The negative charges of clay particles give them the ability to attract and hold positively-charged molecules ( cation). Nutrients such as calcium, magnesium, potassium, and many other soil elements are cations. The ability of the soil to hold on to cations is cation exchange capacity (CEC). Nutrients retained by CEC are prevented from leaching out of the rooting zone, yet are held lossely enough to be available to growing plants.

The soil properties most closely related to CEC are soil texture and organic matter content. Fine textured soils have more CEC than coarse-textured soils, and soils high in organic matter have more CEC than low organic matter soils. Also, non-acidic soils have more CEC than acidic soils.

Some soil particles have a small positive electrical charge, and can attract anions (negatively-charged molecules.) Anion exchange capacity is usually insignificant in Arizona soils.
Porous granuals held together by organic matter and some clay. Found in A horizons with some organic matter.
Most soil particles are grouped together to form structural pieces called peds or aggregates, although coarse soil particles may be unaggregazed and exist as single grains. In surface soil, the structure usually will be granular unless it is very sandy. The soil aggregates will be rounded and vary in size from that of a very small shot to that of a large pea. If organic matter content is low and the soil has been under continuous cultivation, the soil structure may be quite indistinct. If the soil is fine-textured with high organic content, it may have a blocky surface structure. Substance aggregate types are platy, blocky, prismatic, and massive.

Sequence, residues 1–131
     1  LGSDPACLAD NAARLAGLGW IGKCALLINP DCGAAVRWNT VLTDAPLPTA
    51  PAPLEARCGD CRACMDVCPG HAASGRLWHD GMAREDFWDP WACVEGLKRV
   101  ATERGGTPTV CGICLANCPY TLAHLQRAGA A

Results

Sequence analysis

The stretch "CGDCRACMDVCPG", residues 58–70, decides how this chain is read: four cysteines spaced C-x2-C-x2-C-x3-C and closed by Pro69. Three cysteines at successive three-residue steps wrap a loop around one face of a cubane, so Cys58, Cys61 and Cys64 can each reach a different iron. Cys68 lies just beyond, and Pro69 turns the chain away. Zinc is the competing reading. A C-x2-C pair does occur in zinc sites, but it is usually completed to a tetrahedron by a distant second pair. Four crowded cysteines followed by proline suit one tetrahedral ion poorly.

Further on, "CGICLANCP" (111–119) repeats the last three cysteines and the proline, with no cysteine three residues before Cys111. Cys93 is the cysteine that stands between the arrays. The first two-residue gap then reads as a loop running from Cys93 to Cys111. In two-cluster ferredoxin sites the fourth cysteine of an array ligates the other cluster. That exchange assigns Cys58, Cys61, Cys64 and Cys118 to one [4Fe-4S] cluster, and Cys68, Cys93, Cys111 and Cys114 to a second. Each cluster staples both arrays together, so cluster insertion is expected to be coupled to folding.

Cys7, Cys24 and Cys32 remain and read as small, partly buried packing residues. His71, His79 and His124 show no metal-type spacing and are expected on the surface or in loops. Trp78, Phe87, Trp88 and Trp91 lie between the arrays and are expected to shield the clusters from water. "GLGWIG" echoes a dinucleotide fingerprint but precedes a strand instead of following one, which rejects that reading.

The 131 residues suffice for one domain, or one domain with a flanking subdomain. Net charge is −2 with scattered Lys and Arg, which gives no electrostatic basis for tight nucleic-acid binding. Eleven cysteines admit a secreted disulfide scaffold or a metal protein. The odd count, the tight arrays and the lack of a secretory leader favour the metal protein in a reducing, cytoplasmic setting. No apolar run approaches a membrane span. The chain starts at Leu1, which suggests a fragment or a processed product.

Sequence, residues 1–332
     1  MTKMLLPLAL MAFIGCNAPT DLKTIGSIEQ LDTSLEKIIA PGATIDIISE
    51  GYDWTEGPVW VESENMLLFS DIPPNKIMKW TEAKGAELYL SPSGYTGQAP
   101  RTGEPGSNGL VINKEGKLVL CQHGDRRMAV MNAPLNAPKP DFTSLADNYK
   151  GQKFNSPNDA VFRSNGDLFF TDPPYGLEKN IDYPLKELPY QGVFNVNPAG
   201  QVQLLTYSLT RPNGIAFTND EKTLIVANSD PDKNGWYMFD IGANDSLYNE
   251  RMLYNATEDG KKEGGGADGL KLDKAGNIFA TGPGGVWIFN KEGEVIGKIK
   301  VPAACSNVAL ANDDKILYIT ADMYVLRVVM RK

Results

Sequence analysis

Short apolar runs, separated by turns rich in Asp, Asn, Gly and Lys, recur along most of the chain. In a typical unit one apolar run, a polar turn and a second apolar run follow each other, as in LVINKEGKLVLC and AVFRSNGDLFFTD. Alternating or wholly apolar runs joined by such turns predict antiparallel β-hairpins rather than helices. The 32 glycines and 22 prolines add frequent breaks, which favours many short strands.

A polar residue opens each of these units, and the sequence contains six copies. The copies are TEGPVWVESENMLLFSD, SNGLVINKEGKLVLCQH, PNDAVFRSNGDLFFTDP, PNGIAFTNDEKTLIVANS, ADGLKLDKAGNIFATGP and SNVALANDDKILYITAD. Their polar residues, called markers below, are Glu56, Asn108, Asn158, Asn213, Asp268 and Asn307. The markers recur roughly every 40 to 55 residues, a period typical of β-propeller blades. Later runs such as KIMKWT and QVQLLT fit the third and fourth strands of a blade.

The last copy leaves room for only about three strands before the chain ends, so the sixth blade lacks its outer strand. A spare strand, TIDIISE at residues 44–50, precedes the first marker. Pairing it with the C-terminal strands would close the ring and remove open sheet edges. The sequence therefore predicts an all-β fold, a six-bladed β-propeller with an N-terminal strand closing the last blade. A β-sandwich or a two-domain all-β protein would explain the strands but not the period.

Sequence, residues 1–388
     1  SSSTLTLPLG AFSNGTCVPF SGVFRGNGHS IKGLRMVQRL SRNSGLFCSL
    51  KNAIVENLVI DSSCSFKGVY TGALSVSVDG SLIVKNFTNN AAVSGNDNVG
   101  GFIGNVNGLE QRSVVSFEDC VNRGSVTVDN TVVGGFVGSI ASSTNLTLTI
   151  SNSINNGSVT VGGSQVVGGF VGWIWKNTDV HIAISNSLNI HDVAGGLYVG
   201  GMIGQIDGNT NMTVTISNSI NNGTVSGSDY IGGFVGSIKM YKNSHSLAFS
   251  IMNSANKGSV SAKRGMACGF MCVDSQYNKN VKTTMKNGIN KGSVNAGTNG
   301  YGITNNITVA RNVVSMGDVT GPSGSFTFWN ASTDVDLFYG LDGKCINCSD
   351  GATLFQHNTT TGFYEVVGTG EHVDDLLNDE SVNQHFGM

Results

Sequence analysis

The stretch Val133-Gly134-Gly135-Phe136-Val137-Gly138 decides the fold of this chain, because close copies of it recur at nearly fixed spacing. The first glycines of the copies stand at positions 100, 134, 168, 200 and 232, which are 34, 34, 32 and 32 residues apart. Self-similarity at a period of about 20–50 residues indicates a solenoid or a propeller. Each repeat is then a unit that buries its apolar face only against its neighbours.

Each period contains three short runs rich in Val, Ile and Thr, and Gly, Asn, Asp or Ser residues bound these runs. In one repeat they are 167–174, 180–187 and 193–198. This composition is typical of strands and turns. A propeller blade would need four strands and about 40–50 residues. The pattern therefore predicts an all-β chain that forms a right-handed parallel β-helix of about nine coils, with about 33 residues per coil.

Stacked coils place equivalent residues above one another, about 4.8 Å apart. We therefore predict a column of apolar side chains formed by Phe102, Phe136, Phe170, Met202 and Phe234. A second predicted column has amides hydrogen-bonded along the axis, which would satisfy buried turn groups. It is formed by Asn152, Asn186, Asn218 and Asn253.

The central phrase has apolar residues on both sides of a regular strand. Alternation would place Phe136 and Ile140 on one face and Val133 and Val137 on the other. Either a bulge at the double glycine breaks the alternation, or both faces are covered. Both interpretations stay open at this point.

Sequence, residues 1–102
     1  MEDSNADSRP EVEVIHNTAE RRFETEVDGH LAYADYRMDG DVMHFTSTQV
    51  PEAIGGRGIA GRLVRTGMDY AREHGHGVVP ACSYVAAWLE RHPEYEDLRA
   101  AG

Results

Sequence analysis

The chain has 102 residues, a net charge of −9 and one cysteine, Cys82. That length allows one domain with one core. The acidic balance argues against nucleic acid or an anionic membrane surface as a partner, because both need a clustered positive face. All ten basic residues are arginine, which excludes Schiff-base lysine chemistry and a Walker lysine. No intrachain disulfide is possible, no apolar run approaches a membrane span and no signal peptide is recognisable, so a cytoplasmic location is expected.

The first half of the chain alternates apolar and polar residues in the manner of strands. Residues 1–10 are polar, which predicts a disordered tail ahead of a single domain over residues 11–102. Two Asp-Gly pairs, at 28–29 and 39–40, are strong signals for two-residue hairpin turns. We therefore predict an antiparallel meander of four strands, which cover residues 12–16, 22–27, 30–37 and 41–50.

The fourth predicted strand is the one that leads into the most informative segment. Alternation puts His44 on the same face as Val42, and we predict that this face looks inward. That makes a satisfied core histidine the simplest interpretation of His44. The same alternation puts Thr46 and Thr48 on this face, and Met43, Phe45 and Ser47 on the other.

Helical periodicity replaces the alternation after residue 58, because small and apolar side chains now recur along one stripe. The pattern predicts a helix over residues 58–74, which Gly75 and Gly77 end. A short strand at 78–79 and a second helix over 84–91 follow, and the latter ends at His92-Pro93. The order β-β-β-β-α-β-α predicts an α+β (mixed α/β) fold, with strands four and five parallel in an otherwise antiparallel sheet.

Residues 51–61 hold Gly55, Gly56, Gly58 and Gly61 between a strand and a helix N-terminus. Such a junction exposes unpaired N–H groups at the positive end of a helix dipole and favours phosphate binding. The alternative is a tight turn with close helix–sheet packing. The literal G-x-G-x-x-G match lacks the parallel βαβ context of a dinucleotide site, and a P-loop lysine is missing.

Aggregates that have a thin vertical dimension with respect to lateral dimensions. Found in compacted layers and sometimes E horizons.
Air and water movement within the soil is closely related to its structure. Good structure allows rapid movement of air and water, while poor structure slows down this movement. Other things being equal, water can enter a surface soil that has granular structure more rapidly than one that has little structure. Soil compaction due to excessive vehicle or foot traffic or excessive tillage can greatly reduce soil aggregation and water infiltration. Since plant roots move through the same channels in the soil as air and water, good structure allows extensive root development whereas poor structure discourages it. Water, air, and plant roots move more freely through subsoils that have blocky structure than those with a flaky horizontal structure. Good structure of the surface soil is promoted by an adequate supply of organic matter. Soil structure can be protected, by working the soil only when moisture conditions are correct.
Roughly equidimensional pads usually higher in clay than other structural aggregates. Found in Bhorizons with clay.
Growing plants also change the soil structure as they send their roots into the soil for mechanical support and to gather water and nutrients. The roots of plants, as they grow, tend to enlarge the openings in the soil. When they die and decay, they leave channels for movement of air and water. In addition to the plants that we see, there are bacteria, fungi, nematodes, and other very small organisms growing in the soil which can be seen only with the aid of a microscope. Even these organisms enrich the soil as they die.
Structural aggregates that have a much grater vertical than lateral dimension. Found in some B horizons.
Drainage Top